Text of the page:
When asked to contribute to the Where We Live photographic fellowship, I deeply considered the work I was asked to respond to—namely Alex Harris’ 1971-2 North Carolina body of work, made nearly forty-five years ago on this very soil.
The first thought that came to mind was: what has changed? What might I add to this visual conversation? What is newly evident in North Carolina—and the greater United States—as well as the practice of photography? What might provide a window onto our shifting terrain and home-place, not to mention demographic?
The first photograph I encountered in Harris’ portfolio depicted a black migrant worker, made in Carteret County in the June of 1972. Therein I quickly found my subject.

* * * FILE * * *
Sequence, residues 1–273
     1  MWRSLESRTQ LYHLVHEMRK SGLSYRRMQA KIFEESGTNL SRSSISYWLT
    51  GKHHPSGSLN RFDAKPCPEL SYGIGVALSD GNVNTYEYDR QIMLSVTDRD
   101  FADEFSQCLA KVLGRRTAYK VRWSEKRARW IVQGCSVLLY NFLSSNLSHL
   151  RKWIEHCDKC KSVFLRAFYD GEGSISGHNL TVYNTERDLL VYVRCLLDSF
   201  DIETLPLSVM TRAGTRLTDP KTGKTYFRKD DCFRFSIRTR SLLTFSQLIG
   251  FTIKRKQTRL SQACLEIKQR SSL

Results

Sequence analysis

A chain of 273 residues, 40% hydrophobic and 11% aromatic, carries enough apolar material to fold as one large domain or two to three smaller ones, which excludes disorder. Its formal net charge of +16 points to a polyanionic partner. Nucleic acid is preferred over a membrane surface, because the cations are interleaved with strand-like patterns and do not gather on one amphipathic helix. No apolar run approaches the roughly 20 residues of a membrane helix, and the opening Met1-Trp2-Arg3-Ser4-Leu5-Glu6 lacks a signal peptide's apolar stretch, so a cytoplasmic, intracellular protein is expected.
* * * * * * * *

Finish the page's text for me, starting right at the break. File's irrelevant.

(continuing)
North Carolina maintains a largely agricultural economy today, but these fields are no longer toiled by black migrant workers. Hispanic workers have replaced the black workforce, though they, too, are migrants in transient living spaces. The faces may have changed, but the life of a nomad remains. This sheds light on broader shifts within the United States as the Hispanic population replaces the black population as a lower-class workforce—subject to its living conditions, in all its degradations and self-made dignities. This look at the dwelling places of migrant farmworkers is ultimately a consideration of how one creates a home while residing in a transient state of being.